The Relationship between Carelessness and Affect in a Cognitive Tutor
We study the relationship between student carelessness and affect among high-school students using a Cognitive Tutor for Scatterplots, using a machine-learned detector of carelessness and field observations of student affect. In line with previous research, we say a student is careless when he/she makes a mistake performing a task that he/she already knows. This construct is also known as slipping. Somewhat non-intuitively, we find that students exhibiting high levels of engaged concentration slip frequently. These findings imply that a student who is engaged in a task may be overconfident, impulsive or hurried, leading to more careless errors. On the other hand, students who display confusion or boredom make fewer careless errors. Further analysis over time suggests that confused and bored students have lower learning overall. Therefore, these students’ mistakes stem from a genuine lack of knowledge rather than carelessness. The use of two versions of the tutor in this study, with and without an Embodied Conversational Agent (ECA), shows no significant difference in terms of the relationship between carelessness and affect.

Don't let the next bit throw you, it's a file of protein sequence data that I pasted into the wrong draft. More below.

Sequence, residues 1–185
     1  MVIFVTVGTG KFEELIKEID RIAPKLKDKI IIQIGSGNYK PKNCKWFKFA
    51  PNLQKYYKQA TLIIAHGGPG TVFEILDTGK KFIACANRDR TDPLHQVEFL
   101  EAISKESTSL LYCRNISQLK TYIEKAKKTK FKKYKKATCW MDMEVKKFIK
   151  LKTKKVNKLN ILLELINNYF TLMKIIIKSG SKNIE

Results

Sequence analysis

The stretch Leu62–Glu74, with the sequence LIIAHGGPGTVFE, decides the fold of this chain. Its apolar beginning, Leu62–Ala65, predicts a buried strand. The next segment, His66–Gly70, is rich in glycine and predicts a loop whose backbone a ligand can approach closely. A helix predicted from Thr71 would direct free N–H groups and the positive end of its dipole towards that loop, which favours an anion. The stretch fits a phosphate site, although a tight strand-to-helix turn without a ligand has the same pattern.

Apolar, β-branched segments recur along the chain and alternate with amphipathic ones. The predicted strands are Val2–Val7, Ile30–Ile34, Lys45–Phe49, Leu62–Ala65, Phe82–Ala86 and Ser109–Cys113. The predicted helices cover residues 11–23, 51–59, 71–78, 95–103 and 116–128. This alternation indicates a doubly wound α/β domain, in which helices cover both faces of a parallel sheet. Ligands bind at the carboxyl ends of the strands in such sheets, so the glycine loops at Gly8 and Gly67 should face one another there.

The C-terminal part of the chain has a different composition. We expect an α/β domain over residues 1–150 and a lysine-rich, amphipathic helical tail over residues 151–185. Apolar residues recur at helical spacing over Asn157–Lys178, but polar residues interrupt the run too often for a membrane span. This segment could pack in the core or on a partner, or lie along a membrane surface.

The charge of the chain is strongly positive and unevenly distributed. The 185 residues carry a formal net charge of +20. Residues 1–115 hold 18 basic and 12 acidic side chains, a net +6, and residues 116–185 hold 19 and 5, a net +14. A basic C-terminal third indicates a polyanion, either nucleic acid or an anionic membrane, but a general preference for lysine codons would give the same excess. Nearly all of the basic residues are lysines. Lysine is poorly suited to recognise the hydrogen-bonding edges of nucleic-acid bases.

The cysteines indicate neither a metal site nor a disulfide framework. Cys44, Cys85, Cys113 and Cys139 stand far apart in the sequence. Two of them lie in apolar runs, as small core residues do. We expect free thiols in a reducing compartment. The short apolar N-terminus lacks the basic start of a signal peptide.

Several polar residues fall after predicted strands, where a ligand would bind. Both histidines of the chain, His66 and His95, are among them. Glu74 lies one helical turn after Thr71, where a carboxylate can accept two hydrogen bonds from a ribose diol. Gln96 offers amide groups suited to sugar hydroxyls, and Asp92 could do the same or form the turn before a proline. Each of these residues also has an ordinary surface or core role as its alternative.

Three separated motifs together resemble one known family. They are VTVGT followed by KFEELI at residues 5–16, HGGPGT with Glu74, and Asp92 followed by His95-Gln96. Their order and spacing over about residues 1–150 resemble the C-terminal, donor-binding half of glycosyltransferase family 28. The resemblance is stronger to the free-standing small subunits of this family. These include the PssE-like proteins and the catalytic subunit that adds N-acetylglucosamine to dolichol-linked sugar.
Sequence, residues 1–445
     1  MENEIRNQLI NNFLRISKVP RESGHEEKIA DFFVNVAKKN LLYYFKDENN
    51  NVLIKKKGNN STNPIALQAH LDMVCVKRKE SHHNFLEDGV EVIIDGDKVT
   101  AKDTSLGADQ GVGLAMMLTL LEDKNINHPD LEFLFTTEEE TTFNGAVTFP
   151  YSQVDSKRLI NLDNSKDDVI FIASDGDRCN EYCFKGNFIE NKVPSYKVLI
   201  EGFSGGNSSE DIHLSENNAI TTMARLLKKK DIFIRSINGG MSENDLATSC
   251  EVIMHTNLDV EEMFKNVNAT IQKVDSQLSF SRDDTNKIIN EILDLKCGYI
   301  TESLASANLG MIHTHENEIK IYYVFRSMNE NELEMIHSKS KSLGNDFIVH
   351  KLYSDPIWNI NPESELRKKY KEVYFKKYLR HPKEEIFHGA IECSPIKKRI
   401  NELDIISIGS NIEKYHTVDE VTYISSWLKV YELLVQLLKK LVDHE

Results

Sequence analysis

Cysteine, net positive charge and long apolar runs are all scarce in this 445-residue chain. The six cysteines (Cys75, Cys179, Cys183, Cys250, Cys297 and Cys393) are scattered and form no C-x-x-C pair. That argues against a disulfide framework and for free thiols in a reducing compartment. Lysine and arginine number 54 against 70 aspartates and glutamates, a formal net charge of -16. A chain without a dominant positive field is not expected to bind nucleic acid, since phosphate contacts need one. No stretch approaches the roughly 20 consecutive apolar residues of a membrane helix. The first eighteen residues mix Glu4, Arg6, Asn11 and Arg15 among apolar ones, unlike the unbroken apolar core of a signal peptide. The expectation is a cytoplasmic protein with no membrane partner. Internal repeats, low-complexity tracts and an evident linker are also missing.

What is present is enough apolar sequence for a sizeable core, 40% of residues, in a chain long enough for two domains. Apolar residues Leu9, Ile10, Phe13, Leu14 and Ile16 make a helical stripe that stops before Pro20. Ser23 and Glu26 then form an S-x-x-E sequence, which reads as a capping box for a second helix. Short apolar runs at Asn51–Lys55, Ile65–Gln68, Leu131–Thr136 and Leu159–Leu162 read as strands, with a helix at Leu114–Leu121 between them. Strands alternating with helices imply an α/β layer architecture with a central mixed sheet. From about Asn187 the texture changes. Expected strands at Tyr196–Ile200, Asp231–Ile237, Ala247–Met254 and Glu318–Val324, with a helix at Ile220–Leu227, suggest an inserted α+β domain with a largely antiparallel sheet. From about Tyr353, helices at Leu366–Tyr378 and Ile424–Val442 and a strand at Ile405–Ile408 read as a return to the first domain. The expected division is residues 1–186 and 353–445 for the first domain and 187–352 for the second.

San Pedro M.O.C.Z., Rodrigo M.M.T., Baker R.S.J.. (2011) The Relationship between Carelessness and Affect in a Cognitive Tutor. In: D’Mello S., Graesser A., Schuller B., Martin JC. (eds) Affective Computing and Intelligent Interaction. ACII 2011. Lecture Notes in Computer Science, vol 6974. Springer, Berlin, Heidelberg